Last June Google announced on
their Chromium Blog
that they will be putting Chrome Frame out to pasture
as of January 2014.

Don’t feel badly if you haven’t heard of Chrome Frame. It’s
a plug-in for Internet Explorer which lets users display certain web pages via
Chrome components such as the JavaScript engine. One purpose of Frame was to
bring better speed and performance to older versions of Internet Explorer which
some companies might have been forced to use for legacy purposes, such as
internal sites which only display properly in IE 6 (Frame also works on newer IE
releases, however, demonstrating its versatility). Another purpose was to allow
developers to use more modern standards such as HTML5 within these outdated IE versions.
A third goal was obviously strategic: to get Chrome out there in people’s minds
and promote the browser even among those who were committed to using or
supporting alternatives.

Why is Google retiring Frame?

This is the interesting element to the equation. Google is
known for dropping products which have declining relevance or value, such as Reader,
Buzz, and Talk (in fact, the
list of retired Google products
is long and distinguished). This is simply
part of their overall plan to reduce clutter and stay focused. Google pointed
out in their announcement about Frame that “the usage of legacy browsers
is declining significantly” which shows there is less of a need for Frame.

However, just because something is considered legacy doesn’t
mean it automatically goes away. Witness the fact that although Microsoft
is retiring support for Windows XP on April 8, 2014,
will be supported by Google on Windows XP at least until the end of 2015

Of course, Windows XP is vastly different from Internet
Explorer 6. I myself am working on an XP upgrade project involving software
produced by a major financial company which has yet to be fully ported to
Windows 7. I am sure I am not alone in these efforts and therefore suspect XP
will be around for a long while yet. After all, Jeff Brown of Lieberman
Technologies recently pointed out that almost 400 million
computers were still running XP
as of last month. Those aren’t going to
just go away next April. Since many Google services are accessed through the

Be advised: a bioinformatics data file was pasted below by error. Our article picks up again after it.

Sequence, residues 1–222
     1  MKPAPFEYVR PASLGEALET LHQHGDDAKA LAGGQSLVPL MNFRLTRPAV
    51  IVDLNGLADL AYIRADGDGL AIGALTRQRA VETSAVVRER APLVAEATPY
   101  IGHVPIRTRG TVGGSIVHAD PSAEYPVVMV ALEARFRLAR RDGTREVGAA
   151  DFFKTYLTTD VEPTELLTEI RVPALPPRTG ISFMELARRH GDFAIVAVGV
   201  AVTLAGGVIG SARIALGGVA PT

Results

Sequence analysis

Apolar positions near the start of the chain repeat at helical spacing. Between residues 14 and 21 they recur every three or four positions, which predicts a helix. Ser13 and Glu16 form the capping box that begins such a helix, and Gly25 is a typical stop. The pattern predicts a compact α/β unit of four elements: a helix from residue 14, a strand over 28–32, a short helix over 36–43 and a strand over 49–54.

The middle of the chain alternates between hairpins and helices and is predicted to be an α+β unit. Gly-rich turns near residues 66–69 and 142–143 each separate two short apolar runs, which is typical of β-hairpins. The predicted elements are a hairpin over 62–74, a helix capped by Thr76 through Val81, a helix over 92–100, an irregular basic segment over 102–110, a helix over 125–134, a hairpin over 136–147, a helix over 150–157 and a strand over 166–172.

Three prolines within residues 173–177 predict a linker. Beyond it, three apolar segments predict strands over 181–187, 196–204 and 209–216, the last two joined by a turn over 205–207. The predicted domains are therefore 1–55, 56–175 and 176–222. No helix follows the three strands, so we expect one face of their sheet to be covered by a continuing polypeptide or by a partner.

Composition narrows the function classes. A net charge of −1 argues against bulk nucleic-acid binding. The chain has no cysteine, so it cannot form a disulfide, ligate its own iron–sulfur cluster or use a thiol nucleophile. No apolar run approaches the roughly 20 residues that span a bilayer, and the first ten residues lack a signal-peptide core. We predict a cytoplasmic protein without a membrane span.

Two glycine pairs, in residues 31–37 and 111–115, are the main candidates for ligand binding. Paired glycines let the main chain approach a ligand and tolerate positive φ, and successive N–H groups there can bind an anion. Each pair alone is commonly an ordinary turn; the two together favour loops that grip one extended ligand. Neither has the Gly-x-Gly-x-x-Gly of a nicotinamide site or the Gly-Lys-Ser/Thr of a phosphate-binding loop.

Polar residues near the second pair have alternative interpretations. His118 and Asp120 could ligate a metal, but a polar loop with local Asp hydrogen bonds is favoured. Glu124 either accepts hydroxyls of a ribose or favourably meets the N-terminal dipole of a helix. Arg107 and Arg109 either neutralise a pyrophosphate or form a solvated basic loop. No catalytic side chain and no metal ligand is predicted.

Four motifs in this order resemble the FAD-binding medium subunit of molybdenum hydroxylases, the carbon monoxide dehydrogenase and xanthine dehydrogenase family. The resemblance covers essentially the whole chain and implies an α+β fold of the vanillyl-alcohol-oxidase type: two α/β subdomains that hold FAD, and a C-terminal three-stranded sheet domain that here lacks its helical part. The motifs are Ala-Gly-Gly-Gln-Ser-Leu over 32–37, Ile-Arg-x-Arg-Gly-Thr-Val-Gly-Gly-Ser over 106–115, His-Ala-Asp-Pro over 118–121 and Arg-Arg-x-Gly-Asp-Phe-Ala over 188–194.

browser and Chrome is the one they want users to work in, of course it makes
good business sense to facilitate its usage.

There is also the philosophical argument that some people
felt Frame was detrimental to progress because it allowed older browsers to
live longer. The statistics involving Internet Explorer 6 usage don’t seem to
support this concept, however, as that browser has largely crumbled and blown
away with the wind from many parts of the world, though not all. The
interesting site
indicates IE 6 possesses 4.6% of the worldwide browser share – just .2% here in
the United States!  Internet Explorer 6 does not possess a similar foundation
to XP, so it’s easy to see why Frame is getting tossed in favor of promoting
other efforts like Chrome on XP instead.

will support Windows XP even if Microsoft won’t

Is there anything Frame users should do?

“Probably not much. If
you don’t prompt your users to install Chrome Frame or opt-in to Chrome Frame,
no action necessary.” If it’s used at your organization you don’t have to
go around uninstalling it, though it might be a good idea to do so in order to
keep people’s browsers tidy (it can be uninstalled like any normal program).
will still continue to work after next January; it isn’t as if it will
uninstall itself and shut the lights on January 1st. So, if you are one of the
few who are stuck with an older browser and want to try Frame out, it’s still
. A better plan, however, would be to check out Google
Chrome for Business
which provides Legacy
Browser support

Legacy Browser support sort of reverses the equation; rather
than running Chrome elements within Internet Explorer you can run Chrome as
your primary browser and have it open specific sites in a legacy Chrome browser
so they will display properly. There is also an IE add-on which
will open required sites directly within the correct Internet Explorer version
if for some reason the first option isn’t viable. In either scenario Windows
group policies (if applicable) can be used to match the URLs with their
appropriate browser.

Another one bites the dust

I don’t expect to see too much gnashing of teeth as Frame
vanishes, but it’s interesting to see how Google decides which products to
maintain and which ones to drop. Some are outright failures,
others become obsolete (like Frame has) and yet more are replaced in favor of
something better, much the way Google Talk was sent packing to make way for
Hangouts. It’s all part of the evolution of technology in which the Darwinian “survival
of the fittest” concept eternally applies.

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